A closer look at Skerries

North of Dublin city, you’ll find the seaside town of Skerries. Bustling in summer months, the beaches are full to the brim with tourists and city dwellers looking to dip a toe in the sea.

However, Irish seaside towns take on a different vibe during the autumnal months and Skerries is still worth the excursion beyond September.

A seaside town that’s worth its salt all year round

Towards the end of the year, you’ll still find plenty of people braving the wind for a stroll along the seafront. The sea air, a tried and tested cure for what ails ya, feels just as good in your lungs in November as it does in July.

The name Skerries originally comes from the Norse word ‘skere’, meaning ‘a group of rocky islands’. This later morphed into the Irish word na sceirí, meaning ‘the rocks’.

But mention Skerries to people and they have their own interpretation of what the name brings to mind – seafood, beaches, windmills, ice-cream. Nobody mentions the rocks.

Wrap up warm, stroll the harbour with a 99 in hand and while away an afternoon with some bird watching.

Skerries was once home to St. Patrick’s Monastery, the site of a Viking invasion. It then grew into a thriving fishing port and is now known as a popular resort town. It has a whole host of TidyTowns accolades under its belt, including a first place prize.

It’s also famed as the meeting place between James Joyce and Flann O’Brien’s narrator in the latter’s The Dalkey Archive.

thatched roof cottage on lambay island

Lambay Island. Photo by Mel Gardner

The town itself consists of two streets – Strand Street and Church Street. There are several islands off the coast too.

There’s Shenick Island, St Patrick’s and Red Island, which are all uninhabited by people. Though they are home to a thriving bird population.

A Martello tower also sits on Shenick Island and can be reached by boat if you’re intrigued. Just be sure to get the landowner’s permission before heading out.

Then there’s Rockabill, which is made up of two islands, ‘The Cow’ and ‘The Calf’ and Lambay Island. Tours are available for the latter from Skerries Sea Tours.

And what’s in Skerries town?

A trip to the seaside for many means a sweet treat, disguised as a means to ‘cool down’, although there’s no excuse needed to pop into Storm in a Teacup which stays open all year round.

This quaint and quirky ice-cream parlour is situated inside a brightly coloured shed. It’s hard to miss and, if the pastel exterior doesn’t catch your eye, the queue will.

If you love Farmers Markets, make your way here on a Saturday.

The menu also extends to crepes, waffles and hot drinks, and is just as enticing on a windy winter’s day as it is during high season. Visitors can wrap up warm, stroll the harbour with a 99 in hand and while away an afternoon with some bird watching.

A little off the beaten track and 5km outside of Skerries, you’ll find Ardgillan Castle. Filled with gorgeous gardens and walkways, it’s also home to the dog-friendly Castle Tea Rooms.

two people sit outside the castle tearooms with their dogs

This is the first of its kind in a municipal park in Ireland. You and your pooch get to gallivant around five miles of woodland and flower gardens before chilling by the fire with something delicious for both of you. Although it’s BYOD, they’re just as welcoming to the dogless wanderer.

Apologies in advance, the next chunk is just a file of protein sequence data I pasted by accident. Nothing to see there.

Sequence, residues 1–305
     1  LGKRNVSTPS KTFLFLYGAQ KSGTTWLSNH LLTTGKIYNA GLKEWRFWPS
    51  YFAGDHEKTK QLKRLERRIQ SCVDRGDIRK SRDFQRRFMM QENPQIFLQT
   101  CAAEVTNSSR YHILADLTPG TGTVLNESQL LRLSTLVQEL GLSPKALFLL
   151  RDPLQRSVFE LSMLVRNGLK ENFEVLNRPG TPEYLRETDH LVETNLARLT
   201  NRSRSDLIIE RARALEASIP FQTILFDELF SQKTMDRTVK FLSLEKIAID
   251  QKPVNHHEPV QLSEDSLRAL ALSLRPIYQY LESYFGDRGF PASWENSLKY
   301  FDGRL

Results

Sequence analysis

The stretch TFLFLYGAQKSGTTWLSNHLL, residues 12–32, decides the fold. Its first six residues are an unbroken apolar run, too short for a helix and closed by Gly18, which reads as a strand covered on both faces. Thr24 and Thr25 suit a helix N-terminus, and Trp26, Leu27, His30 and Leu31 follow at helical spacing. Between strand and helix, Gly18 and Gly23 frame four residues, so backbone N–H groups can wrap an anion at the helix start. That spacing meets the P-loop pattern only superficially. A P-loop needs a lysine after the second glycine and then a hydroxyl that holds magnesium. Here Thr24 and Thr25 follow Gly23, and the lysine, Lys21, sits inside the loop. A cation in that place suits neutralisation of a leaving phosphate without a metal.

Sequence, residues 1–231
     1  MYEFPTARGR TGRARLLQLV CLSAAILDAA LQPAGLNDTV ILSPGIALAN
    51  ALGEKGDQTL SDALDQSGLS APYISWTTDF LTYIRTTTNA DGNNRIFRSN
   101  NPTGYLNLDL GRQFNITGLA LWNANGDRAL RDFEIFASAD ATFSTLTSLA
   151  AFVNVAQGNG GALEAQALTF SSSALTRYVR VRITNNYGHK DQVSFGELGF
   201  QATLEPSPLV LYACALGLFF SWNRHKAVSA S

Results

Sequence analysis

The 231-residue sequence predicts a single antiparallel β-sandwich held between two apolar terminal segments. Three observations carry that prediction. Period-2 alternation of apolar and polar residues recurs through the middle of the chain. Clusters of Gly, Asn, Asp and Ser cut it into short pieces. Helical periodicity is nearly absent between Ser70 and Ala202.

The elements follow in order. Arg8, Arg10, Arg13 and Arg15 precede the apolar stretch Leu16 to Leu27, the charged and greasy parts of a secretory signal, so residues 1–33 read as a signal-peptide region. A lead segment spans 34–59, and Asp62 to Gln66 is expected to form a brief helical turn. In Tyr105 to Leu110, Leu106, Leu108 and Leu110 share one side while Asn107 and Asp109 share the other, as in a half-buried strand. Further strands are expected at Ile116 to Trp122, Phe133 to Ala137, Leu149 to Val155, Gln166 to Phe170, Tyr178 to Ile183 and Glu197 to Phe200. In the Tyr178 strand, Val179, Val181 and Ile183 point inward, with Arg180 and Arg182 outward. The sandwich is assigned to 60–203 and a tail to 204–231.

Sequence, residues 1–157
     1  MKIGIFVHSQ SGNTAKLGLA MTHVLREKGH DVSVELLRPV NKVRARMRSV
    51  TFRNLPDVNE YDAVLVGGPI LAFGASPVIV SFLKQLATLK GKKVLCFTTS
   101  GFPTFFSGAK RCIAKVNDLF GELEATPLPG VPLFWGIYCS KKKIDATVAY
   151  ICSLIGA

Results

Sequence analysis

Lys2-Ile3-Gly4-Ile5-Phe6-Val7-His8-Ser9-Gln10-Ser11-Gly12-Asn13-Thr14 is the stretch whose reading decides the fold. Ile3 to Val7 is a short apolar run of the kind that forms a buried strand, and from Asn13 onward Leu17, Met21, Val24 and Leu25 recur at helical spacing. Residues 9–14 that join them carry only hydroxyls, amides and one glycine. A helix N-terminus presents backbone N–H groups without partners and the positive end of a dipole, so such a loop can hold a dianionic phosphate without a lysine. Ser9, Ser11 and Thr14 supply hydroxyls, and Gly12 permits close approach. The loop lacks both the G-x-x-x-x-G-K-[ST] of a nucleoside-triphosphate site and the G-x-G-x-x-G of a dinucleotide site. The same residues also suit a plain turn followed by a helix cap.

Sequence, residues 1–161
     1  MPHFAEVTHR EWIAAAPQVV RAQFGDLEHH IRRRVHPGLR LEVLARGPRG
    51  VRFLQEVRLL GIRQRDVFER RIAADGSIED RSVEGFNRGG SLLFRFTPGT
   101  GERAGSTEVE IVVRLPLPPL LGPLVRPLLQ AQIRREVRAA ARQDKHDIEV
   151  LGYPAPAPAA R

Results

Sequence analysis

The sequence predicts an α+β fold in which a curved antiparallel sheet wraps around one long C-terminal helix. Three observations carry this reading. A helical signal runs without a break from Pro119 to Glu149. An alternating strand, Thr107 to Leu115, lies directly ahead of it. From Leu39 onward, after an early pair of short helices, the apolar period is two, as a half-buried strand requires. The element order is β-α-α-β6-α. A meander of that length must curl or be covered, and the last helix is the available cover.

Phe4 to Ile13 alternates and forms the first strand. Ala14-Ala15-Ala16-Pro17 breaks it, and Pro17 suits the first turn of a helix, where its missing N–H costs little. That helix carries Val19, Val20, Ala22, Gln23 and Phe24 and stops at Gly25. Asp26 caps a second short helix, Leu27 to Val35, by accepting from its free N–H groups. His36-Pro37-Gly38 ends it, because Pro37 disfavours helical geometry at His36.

For the history buffs, the Skerries Mills are the marker of the town’s skyline and have been since the 12th century.

old stone mill set against blue cloudy sky in skerries

A windmill at Skerries Mills. Photo by Vini

Comprising two windmills and one watermill, tours are less than an hour. It is also home to a cosy café and hosts lots of community events, including art classes, men’s shed meetings and bridge games.

You’ll find Skerries Mills located between the train station and the main town. So it’s a great spot for visitors to check out at the beginning or the end of their excursion.

If you love farmers markets, you can also make your way here on a Saturday from 10am to peruse the stalls, which sell all sorts. Organic meat, jams and marmalades and even homemade candles are just some of the goodies on offer!

Festivals in Skerries also stretch beyond the summer season. Soundwaves Festival takes place every year in September and sees artists take over the town. This year’s festival has everything from rap and comedy to opera and juggling, so there really is something for everybody.

It’s worth spending some time in Skerries

For wanderers, explorers and locals alike, Skerries is a treasure trove of a town. There’s plenty to check out in town during quieter, colder months and beautiful beaches and coastline to enjoy during the summer.

All of this and much more makes Skerries a nice place to live and explore. This is a town that deserves multiple visits and is just as enjoyable in winter woollies as it is in shades and shorts.

Skerries is easily accessible from Dublin city centre by the number 33 bus or the commuter DART. We recommend the latter so you can glide along the coast of North Dublin and take in the views.

New to the city? Read our introduction to Dublin neighbourhoods for more local insights and lore.

Susie Santry transplanted from Cork to Dublin over a year ago and works as a social media and content specialist. Having once run a fashion and beauty blog she now prefers to write about people, places and food.


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